Friday, July 29, 2016

Wider access to hepatitis C drugs is humane and pragmatic

Wider access to hepatitis C drugs is humane and pragmatic
 Boston Globe

The long-term health prospects for thousands of Massachusetts residents are about to improve. As of Monday, MassHealth will require private insurers that manage coverage for two-thirds of the state Medicaid plan’s members to loosen rules that cruelly prevent people infected with hepatitis C from receiving drugs that cure the disease. Until now, these low-income patients have been forced to wait until they are suffering from potentially deadly symptoms before getting a prescription for one of a new generation of medicines that kills the liver-ravaging virus in as little as eight weeks.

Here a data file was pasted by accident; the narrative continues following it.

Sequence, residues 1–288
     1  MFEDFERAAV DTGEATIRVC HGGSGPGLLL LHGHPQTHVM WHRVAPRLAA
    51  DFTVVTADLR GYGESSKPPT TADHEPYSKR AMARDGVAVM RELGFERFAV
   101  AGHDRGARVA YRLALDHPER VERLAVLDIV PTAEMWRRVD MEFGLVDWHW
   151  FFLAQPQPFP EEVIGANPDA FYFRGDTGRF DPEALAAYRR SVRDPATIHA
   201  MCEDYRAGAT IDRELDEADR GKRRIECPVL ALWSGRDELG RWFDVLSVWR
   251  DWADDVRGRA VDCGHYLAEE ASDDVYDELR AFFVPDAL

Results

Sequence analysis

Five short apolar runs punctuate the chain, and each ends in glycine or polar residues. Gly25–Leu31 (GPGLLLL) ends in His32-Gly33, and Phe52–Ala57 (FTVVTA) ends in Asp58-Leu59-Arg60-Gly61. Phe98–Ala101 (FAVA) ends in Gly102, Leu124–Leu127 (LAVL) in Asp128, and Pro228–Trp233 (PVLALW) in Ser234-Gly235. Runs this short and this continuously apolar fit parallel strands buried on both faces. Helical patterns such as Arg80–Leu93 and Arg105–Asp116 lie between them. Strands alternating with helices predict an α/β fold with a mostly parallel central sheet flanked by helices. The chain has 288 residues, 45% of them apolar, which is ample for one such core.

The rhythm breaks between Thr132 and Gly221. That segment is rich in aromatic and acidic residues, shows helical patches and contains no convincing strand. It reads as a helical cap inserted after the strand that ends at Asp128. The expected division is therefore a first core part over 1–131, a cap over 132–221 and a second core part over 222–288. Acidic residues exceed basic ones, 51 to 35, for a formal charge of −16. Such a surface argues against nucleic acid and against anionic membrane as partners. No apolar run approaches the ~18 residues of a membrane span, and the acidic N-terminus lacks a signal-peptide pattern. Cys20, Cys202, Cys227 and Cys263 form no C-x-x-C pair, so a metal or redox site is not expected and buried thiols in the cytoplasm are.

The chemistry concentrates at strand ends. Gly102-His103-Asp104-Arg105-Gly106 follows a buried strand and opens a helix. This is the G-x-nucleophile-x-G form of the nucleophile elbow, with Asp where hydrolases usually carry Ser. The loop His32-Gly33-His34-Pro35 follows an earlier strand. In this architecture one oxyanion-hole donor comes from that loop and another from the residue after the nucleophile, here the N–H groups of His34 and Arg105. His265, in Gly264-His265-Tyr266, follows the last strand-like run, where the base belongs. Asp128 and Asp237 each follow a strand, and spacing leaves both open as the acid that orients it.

The insurance company restrictions were a misguided reaction to the cost of the breakthrough treatments for hepatitis C, a disease which previously could only be kept in check — but not cured — by drugs that came with terrible side effects. When Gilead Sciences Inc.’s Sovaldi became the first of the more effective medicines to hit the market, in 2013, its $84,000 list price — $1,000 a pill — caused sticker shock for payers nationwide. Fearing their budgets would be drained by a rush of people who wanted to get well instead of living with uncertainty, many insurers limited access to Sovaldi. Even from a cold-blooded accountant’s perspective, it was a foolish policy — providing months or years of medical care for someone suffering from cirrhosis costs much more.

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